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Many Buyers Must Try, Try Again As Condominium Market Shrinks

Victoria Hammond's third time trying to buy a condo was the charm, and she moved into 1800 Wilson in Arlington.
Victoria Hammond's third time trying to buy a condo was the charm, and she moved into 1800 Wilson in Arlington. (By Gerald Martineau -- The Washington Post)
By Nancy Trejos
Washington Post Staff Writer
Wednesday, August 15, 2007

A growing number of condominium developers are backing out of projects as the worsening real estate market causes lenders to tighten their standards.

For buyers, a project's cancellation can be an unexpected jolt. They get their deposits back but nothing for their time and aggravation.

In the past 12 months, nearly 20,000 condo units have been removed from the glutted local development pipeline, said Gregory H. Leisch, chief executive of Delta Associates, a real estate research firm in Alexandria. By Delta's count, in the second quarter of this year, developers abandoned plans for 22 local condo projects.

Victoria Hammond signed a contract for a one-bedroom condo in Arlington more than a year ago, but two weeks before she was scheduled to close, the developer, Monument Realty, notified her that the conversion from rentals to condos would not go through.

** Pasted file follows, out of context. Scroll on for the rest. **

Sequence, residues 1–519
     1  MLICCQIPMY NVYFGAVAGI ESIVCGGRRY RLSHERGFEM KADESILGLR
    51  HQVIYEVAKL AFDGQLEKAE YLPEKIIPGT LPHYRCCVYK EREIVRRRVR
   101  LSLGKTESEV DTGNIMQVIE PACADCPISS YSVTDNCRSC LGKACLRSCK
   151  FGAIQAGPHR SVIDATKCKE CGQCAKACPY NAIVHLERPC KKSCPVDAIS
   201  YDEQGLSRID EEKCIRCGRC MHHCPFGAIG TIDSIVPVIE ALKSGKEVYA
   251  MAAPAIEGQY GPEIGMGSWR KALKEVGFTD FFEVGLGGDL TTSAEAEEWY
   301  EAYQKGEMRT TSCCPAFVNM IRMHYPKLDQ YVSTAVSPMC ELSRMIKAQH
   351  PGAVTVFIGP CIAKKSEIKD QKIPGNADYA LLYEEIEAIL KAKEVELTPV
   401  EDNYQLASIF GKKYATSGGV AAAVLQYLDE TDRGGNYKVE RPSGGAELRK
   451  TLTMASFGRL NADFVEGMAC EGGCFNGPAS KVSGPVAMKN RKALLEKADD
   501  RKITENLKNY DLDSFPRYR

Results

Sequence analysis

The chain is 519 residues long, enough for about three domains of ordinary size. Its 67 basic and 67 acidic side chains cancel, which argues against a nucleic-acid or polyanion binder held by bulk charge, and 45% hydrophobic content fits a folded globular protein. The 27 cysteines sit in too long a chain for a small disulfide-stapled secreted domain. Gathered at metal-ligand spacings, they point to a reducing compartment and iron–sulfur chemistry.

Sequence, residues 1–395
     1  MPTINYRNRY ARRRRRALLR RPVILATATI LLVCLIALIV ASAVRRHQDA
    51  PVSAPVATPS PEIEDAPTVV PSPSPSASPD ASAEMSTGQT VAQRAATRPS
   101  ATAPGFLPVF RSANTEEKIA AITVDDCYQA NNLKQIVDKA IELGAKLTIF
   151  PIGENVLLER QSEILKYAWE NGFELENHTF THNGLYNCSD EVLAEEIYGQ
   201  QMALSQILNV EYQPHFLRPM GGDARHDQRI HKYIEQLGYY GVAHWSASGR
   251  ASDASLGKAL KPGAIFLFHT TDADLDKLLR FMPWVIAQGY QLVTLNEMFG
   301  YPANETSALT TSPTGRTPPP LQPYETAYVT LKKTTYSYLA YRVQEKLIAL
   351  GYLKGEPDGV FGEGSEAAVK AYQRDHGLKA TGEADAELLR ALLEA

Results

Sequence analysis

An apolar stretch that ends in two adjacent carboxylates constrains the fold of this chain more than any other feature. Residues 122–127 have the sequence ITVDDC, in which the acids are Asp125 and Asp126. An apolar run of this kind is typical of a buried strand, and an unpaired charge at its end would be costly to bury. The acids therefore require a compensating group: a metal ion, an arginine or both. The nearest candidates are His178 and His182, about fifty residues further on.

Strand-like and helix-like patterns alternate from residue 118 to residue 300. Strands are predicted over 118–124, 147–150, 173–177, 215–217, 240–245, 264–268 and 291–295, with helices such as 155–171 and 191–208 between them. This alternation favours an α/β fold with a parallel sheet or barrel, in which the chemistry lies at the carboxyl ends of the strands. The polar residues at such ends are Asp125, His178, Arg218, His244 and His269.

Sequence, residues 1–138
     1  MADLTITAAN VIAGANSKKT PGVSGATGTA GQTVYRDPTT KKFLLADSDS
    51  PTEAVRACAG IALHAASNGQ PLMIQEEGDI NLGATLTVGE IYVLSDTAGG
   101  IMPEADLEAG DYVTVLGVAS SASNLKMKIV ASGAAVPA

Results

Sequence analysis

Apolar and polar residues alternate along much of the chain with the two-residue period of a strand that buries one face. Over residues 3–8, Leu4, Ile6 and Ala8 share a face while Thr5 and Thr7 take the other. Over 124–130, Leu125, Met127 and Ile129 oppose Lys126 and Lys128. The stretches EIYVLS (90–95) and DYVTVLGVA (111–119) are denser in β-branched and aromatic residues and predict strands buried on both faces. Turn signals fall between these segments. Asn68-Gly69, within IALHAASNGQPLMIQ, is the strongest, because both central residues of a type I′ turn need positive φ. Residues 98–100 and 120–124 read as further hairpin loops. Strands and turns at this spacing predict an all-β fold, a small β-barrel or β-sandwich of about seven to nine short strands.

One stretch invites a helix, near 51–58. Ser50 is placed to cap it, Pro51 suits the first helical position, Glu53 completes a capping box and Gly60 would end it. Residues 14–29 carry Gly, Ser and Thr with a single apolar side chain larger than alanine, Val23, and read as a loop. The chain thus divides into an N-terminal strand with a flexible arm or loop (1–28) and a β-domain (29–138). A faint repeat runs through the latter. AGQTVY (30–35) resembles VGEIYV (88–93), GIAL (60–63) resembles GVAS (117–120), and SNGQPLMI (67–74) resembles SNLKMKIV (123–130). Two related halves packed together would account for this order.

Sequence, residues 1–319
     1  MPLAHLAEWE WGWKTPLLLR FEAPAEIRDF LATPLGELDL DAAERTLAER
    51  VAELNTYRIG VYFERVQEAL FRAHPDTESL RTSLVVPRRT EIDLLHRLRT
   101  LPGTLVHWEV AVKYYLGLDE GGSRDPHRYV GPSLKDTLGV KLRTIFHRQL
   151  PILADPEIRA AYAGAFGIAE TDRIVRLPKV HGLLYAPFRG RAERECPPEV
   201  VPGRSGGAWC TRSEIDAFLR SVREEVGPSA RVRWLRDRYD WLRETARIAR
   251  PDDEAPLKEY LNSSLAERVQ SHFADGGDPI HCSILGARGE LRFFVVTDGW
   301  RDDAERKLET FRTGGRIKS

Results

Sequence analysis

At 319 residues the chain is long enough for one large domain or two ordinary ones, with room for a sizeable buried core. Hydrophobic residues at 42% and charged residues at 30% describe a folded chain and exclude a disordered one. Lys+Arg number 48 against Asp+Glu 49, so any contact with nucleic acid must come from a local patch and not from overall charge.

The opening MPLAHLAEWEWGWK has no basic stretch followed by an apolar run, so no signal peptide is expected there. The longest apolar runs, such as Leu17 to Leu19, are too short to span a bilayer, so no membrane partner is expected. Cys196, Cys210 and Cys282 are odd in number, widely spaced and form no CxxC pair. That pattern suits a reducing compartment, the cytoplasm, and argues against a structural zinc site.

Hammond, a government consultant, persuaded the people taking over her group house to let her stay. In December, she put money down on another one-bedroom in Arlington. In April, developer Ed Peete Co. canceled the condo plans.

"I had no idea this was possible with my first contract. That was a complete shock," she said. "The second time, I was prepared and skeptical about what was going on."

In a recent survey, residential developers said lenders are making smaller loans and charging them higher interest rates, according to David Ledford, staff vice president for housing finance and policy with the National Association of Home Builders.

During the real estate boom that ended two years ago, developers could get loans even if they presold only one-quarter of their units, said Peter Antonoplos, a real estate lawyer in Carter Ledyard & Milburn's District office. But then sales slowed drastically, and many would-be buyers cancelled their contracts. Now lenders are asking that 50 percent or more of the units be sold before construction, he said. Others want the developers to contribute more of their own money.

"Institutional lenders don't have the appetite for condo properties that are going to sit around and present a credit risk," Antonoplos said.

Developers are more likely to get financing for rental properties because the rental market is healthier, real estate experts said, hence the push to convert condos to rentals. However, there are concerns that the recent turmoil in the mortgage market could cause that financing to tighten.

The list of abandoned condo projects is growing.

Level 2 Development of the District decided late last year to build View 14 at 14th Street and Florida Avenue NW as luxury rentals instead of condos. "It was clear to us from the sales pace and activity that we were going to have a difficult time preselling the number of units required to meet both the lenders' presale requirements and our own investment criteria," said Jeff Blum, a principal at Level 2.


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